U.S. Rep. Alexandria Ocasio-Cortez endorsed a slate of candidates running for Assembly, including Jessica Altagracia Woolford, who hopes to defeat Jeffrey Dinowitz for his long-held seat representing Riverdale, Kingsbridge, and parts of Norwood and Wakefield.
“Jessica Altagracia Woolford is a mom, wife, caregiver, and organizer,” according to a statement released by Ocasio-Cortez’s office. “During the pandemic, (she) started a mutual aid effort that delivered 30,000 pounds of fresh produce and thousands of masks to her neighbors. These state Assembly candidates are renters, teachers and parents challenging real estate-bought politicians who have blocked housing and health care for all.”
Woolford said she’s grateful for the support.
“I am proud to have the endorsement of Rep. Alexandria Ocasio-Cortez as we prepare for the final stretch of our campaign,” she said in a release. “Bronxites are tired of being treated as afterthoughts by those in power, but she gets it. “We need leaders in the New York state Assembly who will put people over profits, and I’m ready to fight for transformative change for all of our communities from Wakefield to Riverdale.
“Our time is now, and we are ready to win.”
All of the challengers endorsed by AOC already had backing from the Working Families Party.
“We need Assembly leaders whose campaigns aren’t being underwritten by powerful real estate interests, Big Pharma, and corporate polluters,” a spokesman for Working Families said, in a statement.
Woolford has recently gone on the offensive in the Assembly race after telling reporters she had pressured Dinowitz into pushing along a bill aimed at helping survivors of sexual assault. Woolford had been featured in a widely distributed social media segment calling for the state to close a loophole which prevents victims of sexual assault from pressing charges if they voluntarily became intoxicated in certain cases.
“It shouldn’t take a primary challenge or a NowThis video for Assemblyman Dinowitz to listen to survivors, or do his job — but that’s what finally forced him to do the right thing: pressure,” Woolford said. “This moment delivers new hope for survivors who have been fighting for justice for years in Albany.”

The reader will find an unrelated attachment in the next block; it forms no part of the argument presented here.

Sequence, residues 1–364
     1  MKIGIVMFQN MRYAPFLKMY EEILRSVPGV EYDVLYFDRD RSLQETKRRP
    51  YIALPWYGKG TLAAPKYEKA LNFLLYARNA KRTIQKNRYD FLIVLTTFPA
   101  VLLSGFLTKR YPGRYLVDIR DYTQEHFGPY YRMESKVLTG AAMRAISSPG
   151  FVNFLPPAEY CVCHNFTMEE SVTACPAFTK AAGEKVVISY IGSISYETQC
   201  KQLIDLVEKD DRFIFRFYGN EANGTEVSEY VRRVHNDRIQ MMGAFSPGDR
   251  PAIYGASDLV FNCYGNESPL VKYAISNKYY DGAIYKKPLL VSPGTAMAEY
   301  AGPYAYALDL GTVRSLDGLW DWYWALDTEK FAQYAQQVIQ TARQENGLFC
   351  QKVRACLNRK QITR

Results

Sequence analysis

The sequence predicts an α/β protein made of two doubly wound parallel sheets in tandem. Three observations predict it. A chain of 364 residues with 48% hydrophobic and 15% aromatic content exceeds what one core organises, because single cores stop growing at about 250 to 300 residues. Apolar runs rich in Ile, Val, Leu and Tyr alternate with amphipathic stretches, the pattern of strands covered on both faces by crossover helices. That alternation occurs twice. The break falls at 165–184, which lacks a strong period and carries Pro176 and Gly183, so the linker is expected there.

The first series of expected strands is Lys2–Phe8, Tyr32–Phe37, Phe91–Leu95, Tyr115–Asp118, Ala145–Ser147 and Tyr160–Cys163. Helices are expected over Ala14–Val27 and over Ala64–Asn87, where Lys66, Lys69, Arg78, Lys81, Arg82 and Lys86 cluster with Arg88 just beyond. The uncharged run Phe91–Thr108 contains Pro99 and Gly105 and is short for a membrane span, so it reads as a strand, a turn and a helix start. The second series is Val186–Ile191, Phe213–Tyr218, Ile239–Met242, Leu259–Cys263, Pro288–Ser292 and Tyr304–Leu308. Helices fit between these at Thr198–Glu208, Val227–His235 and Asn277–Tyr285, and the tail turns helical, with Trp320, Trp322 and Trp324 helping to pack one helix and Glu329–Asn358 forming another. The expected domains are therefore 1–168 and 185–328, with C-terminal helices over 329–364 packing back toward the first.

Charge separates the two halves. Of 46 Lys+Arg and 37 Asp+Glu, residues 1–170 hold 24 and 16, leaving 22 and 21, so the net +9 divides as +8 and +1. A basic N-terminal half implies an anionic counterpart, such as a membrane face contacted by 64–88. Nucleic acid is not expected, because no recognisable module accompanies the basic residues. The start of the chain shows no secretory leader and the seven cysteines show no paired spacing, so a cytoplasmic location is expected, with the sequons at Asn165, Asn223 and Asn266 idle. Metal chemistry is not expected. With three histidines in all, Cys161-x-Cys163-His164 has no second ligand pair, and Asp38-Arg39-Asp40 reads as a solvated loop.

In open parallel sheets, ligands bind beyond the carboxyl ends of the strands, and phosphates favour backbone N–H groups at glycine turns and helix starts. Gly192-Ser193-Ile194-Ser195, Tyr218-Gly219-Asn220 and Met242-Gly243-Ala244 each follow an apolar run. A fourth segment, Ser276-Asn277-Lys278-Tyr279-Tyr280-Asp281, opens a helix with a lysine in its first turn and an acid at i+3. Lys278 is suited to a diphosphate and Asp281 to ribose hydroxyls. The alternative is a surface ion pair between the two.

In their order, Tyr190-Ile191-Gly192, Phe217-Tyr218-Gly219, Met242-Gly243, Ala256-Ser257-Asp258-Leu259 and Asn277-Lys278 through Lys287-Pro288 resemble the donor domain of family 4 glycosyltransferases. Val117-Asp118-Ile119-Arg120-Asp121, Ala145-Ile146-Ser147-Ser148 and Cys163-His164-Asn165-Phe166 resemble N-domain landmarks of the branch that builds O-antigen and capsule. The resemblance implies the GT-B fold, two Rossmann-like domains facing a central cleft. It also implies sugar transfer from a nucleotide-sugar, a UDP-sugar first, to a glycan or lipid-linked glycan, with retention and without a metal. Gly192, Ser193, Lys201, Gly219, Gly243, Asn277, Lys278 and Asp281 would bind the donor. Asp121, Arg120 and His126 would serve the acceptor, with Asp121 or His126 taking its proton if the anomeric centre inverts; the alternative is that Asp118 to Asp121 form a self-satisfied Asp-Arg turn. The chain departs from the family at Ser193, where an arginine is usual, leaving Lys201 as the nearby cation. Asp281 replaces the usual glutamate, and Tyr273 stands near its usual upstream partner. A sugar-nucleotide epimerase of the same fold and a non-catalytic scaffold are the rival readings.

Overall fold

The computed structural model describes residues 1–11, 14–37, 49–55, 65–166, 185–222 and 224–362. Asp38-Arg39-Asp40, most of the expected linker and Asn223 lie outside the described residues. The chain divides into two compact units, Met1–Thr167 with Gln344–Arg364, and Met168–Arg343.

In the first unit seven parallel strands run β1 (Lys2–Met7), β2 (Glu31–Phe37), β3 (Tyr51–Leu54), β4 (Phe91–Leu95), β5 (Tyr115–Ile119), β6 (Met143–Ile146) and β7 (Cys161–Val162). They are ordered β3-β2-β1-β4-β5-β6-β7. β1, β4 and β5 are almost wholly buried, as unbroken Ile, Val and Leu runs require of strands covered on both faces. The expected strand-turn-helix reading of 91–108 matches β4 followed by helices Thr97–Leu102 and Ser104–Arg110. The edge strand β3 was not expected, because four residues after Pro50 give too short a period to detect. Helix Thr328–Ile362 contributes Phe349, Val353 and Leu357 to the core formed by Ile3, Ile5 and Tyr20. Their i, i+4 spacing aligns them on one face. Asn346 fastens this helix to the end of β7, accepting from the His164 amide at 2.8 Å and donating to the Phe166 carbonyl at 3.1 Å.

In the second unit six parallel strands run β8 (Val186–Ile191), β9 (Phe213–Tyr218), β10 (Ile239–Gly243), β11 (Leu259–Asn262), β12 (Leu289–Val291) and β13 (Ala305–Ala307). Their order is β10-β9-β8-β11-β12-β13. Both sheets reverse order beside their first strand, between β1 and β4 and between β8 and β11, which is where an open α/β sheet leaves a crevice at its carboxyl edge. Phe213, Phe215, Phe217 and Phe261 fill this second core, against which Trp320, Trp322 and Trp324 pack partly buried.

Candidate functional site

The race to represent Democrats for the seat in November is down to just Woolford and Dinowitz, the incumbent, after George Diaz failed to qualify for the ballot.
The Assembly primary is scheduled for June 28.
Following the recent shooting in Buffalo that killed 10 people earlier this month, state lawmakers have pleaded for the state to strengthen its gun laws to curb future mass shootings.
In his weekly newsletter, Assemblyman Jeffrey Dinowitz said that the state’s 2019 “red flag” laws, which were enacted to help prevent these types of shootings, are not being properly enforced. “The person who committed this act of domestic terrorism was obviously a risk, and someone should have taken action to prevent him from accessing firearms,” he said.
Dinowitz also called on social media platforms to clamp down on users who are using their sites to spread hate. He said, “The Buffalo shooter was apparently active on Discord and 4Chan, where he posted and shared anti-Black and anti-Semitic opinions as well as a lengthy diatribe about how he prepared for this mass shooting.”
Gov. Kathy Hochul similarly condemned the online environments that spread bigotry and played a part in radicalizing the alleged shooter. “The most serious threat we face as a nation is from within. It’s not from the Russians. Not from people elsewhere. It’s white supremacism,” Hochul said in a May 18 speech.
In that meeting, Hochul also announced that she had signed an executive order to strengthen the state’s “red flag” laws by allowing the New York State Police to get emergency orders from a judge that will allow them to take guns away from people who they believe are a threat to the public or to themselves.
Yet with the legislative session scheduled to end on June 2, state lawmakers are up against the clock if they hope to pass stronger comprehensive gun legislation.